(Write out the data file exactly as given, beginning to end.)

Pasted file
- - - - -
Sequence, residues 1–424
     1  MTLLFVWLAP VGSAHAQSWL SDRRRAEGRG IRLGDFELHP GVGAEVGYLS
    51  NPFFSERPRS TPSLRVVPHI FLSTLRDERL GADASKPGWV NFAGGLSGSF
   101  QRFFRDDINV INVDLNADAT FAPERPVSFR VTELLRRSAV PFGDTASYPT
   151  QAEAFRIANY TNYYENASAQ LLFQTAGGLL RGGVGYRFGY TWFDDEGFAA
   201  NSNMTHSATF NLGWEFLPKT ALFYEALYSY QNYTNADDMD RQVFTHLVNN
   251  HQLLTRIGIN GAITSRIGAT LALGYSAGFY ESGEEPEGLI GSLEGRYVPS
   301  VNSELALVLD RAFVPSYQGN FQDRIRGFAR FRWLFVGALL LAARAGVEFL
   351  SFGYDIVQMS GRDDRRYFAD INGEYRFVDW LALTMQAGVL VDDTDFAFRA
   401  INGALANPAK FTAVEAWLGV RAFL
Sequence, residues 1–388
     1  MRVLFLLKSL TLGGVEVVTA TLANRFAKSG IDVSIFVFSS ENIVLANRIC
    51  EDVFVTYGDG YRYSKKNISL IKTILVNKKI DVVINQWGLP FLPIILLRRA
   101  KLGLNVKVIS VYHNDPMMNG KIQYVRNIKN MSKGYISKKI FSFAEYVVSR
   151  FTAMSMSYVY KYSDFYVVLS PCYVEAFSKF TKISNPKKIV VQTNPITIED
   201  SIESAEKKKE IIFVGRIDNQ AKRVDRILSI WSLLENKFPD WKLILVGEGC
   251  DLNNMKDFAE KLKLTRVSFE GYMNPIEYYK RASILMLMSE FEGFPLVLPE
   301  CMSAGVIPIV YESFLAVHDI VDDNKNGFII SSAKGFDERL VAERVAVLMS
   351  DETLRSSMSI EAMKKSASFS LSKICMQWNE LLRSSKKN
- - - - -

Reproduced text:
Sequence, residues 1–424
     1  MTLLFVWLAP VGSAHAQSWL SDRRRAEGRG IRLGDFELHP GVGAEVGYLS
    51  NPFFSERPRS TPSLRVVPHI FLSTLRDERL GADASKPGWV NFAGGLSGSF
   101  QRFFRDDINV INVDLNADAT FAPERPVSFR VTELLRRSAV PFGDTASYPT
   151  QAEAFRIANY TNYYENASAQ LLFQTAGGLL RGGVGYRFGY TWFDDEGFAA
   201  NSNMTHSATF NLGWEFLPKT ALFYEALYSY QNYTNADDMD RQVFTHLVNN
   251  HQLLTRIGIN GAITSRIGAT LALGYSAGFY ESGEEPEGLI GSLEGRYVPS
   301  VNSELALVLD RAFVPSYQGN FQDRIRGFAR FRWLFVGALL LAARAGVEFL
   351  SFGYDIVQMS GRDDRRYFAD INGEYRFVDW LALTMQAGVL VDDTDFAFRA
   401  INGALANPAK FTAVEAWLGV RAFL
Sequence, residues 1–388
     1  MRVLFLLKSL TLGGVEVVTA TLANRFAKSG IDVSIFVFSS ENIVLANRIC
    51  EDVFVTYGDG YRYSKKNISL IKTILVNKKI DVVINQWGLP FLPIILLRRA
   101  KLGLNVKVIS VYHNDPMMNG KIQYVRNIKN MSKGYISKKI FSFAEYVVSR
   151  FTAMSMSYVY KYSDFYVVLS PCYVEAFSKF TKISNPKKIV VQTNPITIED
   201  SIESAEKKKE IIFVGRIDNQ AKRVDRILSI WSLLENKFPD WKLILVGEGC
   251  DLNNMKDFAE KLKLTRVSFE GYMNPIEYYK RASILMLMSE FEGFPLVLPE
   301  CMSAGVIPIV YESFLAVHDI VDDNKNGFII SSAKGFDERL VAERVAVLMS
   351  DETLRSSMSI EAMKKSASFS LSKICMQWNE LLRSSKKN